Last year I took myself through a crash course on Lean Software Development and Kanban Systems in preparation for an in-house presentation. I learned a bunch. In this series, I’ll be sharing what I learned with you.
If your career looks anything like mine, you have probably been affiliated with a company or two which pushed requirements gathering and documentation to the nth degree. To add insult to injury, they probably added planning process (documentation, requirements, policies, meetings, committees) to the extent that it possibly retarded any progress.
In my opinion, the typical company resembles the quote from Tom DeMarco. It isn’t enough just to do things right – we also had to say in advance exactly what we intended to do and then do exactly that.
In the 1980s, Toyota turned the tables and revolutionize the automobile industry with their approach of “Lean Manufacturing.”
A massive paradigm shift hit factories throughout the US and Europe. Mass production and scientific management techniques from the early 1900’s were questioned as Japanese manufacturing companies demonstrated that ‘Just-in-Time’ was a better paradigm. The widely adopted Japanese manufacturing concepts came to be known as ‘lean production’.
Lean Thinking capitalizes on the intelligence of frontline workers, believing that they are the ones who should determine and continually improve the way they do their jobs.
Lean puts main focus on people and communication – if people who produce the software are respected and they communicate efficiently, it is more likely that they will deliver good product and the final customer will be satisfied.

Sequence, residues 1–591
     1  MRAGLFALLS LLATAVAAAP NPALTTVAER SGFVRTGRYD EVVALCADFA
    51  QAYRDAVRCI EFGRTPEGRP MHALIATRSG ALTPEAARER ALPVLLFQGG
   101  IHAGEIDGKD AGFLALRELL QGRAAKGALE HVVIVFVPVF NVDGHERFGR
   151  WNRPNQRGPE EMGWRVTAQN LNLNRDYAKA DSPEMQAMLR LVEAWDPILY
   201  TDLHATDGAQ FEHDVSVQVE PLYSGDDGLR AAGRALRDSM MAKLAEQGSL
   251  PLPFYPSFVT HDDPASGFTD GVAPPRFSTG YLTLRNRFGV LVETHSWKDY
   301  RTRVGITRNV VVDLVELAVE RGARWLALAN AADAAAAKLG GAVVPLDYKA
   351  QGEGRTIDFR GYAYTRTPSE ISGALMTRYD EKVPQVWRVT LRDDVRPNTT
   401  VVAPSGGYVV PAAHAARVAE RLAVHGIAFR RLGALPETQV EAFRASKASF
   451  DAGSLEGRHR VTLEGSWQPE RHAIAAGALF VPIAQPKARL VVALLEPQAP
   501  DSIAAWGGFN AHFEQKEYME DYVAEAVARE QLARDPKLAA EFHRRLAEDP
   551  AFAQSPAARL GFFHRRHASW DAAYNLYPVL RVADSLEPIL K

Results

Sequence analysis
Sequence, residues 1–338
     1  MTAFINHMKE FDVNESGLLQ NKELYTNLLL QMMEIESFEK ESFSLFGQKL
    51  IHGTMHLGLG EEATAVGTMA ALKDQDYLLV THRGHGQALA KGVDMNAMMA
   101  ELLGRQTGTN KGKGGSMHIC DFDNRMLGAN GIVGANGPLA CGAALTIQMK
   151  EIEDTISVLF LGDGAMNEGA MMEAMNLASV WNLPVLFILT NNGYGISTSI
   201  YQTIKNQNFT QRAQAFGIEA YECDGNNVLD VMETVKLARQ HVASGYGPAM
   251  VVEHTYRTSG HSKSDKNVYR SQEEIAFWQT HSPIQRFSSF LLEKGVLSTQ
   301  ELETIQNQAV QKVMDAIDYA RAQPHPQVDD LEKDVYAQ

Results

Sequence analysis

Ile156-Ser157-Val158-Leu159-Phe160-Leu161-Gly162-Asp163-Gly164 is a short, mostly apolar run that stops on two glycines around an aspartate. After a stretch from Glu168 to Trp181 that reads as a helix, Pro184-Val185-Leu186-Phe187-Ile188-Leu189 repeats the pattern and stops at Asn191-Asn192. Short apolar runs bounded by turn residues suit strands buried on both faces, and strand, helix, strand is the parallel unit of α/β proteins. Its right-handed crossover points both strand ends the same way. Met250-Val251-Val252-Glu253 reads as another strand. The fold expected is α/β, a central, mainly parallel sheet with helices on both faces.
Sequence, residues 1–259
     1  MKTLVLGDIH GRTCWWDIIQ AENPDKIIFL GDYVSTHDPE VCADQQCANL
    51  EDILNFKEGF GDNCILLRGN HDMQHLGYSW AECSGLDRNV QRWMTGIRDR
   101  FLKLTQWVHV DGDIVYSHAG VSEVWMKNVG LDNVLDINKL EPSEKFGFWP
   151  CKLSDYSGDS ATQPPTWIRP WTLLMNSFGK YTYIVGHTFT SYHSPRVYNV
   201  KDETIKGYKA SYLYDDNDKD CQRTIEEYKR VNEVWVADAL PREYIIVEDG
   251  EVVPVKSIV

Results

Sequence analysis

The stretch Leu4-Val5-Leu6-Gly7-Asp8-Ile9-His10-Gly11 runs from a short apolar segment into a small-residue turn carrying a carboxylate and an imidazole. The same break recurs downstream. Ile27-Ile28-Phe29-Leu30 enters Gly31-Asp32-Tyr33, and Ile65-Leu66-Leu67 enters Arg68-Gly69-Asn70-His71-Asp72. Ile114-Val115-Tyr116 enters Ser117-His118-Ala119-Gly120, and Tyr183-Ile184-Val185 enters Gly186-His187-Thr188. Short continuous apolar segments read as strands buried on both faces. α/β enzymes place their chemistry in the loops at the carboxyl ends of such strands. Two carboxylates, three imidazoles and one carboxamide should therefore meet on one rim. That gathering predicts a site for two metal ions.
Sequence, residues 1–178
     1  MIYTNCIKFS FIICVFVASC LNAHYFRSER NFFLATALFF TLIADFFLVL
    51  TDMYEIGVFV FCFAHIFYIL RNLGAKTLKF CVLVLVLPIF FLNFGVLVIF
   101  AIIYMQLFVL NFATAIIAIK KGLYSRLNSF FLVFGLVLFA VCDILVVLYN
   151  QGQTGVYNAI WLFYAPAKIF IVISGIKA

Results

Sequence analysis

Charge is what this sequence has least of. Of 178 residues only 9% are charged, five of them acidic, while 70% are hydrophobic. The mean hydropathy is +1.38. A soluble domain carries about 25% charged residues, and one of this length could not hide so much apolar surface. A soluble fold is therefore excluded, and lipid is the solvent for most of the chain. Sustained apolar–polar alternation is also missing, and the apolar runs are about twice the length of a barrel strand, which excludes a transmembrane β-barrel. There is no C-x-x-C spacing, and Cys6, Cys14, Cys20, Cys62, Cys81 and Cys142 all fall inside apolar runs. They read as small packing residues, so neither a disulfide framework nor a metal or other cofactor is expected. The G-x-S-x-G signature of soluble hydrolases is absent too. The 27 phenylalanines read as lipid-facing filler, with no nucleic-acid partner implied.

In time, the abstractions behind lean production spread to logistics, and from there to the military, to construction, and to the service industry. As it turns out, principles of lean thinking are universal and have been applied successfully across many disciplines.
Lean has been adopted by companies including Dell, FedEx, Lens Crafters, LLBean, SW Airlines, Digital River and eBay.
Lean thinking got its name from a 1990’s best seller called The Machine That Changed the World : The Story of Lean Production. This book chronicles the movement of automobile manufacturing from craft production to mass production to lean production.
Tom and Mary Poppendieck, that is. Here’s one of their books: Implementing Lean Software Thinking: From Concept to Cash
Our in-house presentations are supposed to run no more than 45 minutes. I really cranked and got through my 87 slides in just under an hour.
Of course, I had to cheat a little – I only covered the 7 principles and a single practice.
In the next part of the series, we’ll dive into Principle #1: Eliminate Waste.
And I am going to be a little obnoxious about listing my Lean and Kanban references with every series post. The references are great and they deserve this sort of attention.